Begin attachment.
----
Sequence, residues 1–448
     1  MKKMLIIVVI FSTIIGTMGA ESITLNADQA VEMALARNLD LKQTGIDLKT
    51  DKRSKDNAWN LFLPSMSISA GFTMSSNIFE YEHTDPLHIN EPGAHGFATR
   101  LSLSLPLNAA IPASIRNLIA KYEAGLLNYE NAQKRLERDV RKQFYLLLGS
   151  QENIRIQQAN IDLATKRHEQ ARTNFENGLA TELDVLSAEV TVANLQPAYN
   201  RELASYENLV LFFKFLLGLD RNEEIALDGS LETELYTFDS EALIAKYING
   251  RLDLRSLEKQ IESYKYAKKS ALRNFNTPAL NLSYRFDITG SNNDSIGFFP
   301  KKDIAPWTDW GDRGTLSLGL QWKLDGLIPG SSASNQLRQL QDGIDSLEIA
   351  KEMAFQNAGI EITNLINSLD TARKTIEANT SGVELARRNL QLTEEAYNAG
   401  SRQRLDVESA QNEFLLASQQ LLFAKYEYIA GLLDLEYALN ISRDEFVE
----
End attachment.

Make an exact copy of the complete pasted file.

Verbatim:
Sequence, residues 1–448
     1  MKKMLIIVVI FSTIIGTMGA ESITLNADQA VEMALARNLD LKQTGIDLKT
    51  DKRSKDNAWN LFLPSMSISA GFTMSSNIFE YEHTDPLHIN EPGAHGFATR
   101  LSLSLPLNAA IPASIRNLIA KYEAGLLNYE NAQKRLERDV RKQFYLLLGS
   151  QENIRIQQAN IDLATKRHEQ ARTNFENGLA TELDVLSAEV TVANLQPAYN
   201  RELASYENLV LFFKFLLGLD RNEEIALDGS LETELYTFDS EALIAKYING
   251  RLDLRSLEKQ IESYKYAKKS ALRNFNTPAL NLSYRFDITG SNNDSIGFFP
   301  KKDIAPWTDW GDRGTLSLGL QWKLDGLIPG SSASNQLRQL QDGIDSLEIA
   351  KEMAFQNAGI EITNLINSLD TARKTIEANT SGVELARRNL QLTEEAYNAG
   401  SRQRLDVESA QNEFLLASQQ LLFAKYEYIA GLLDLEYALN ISRDEFVE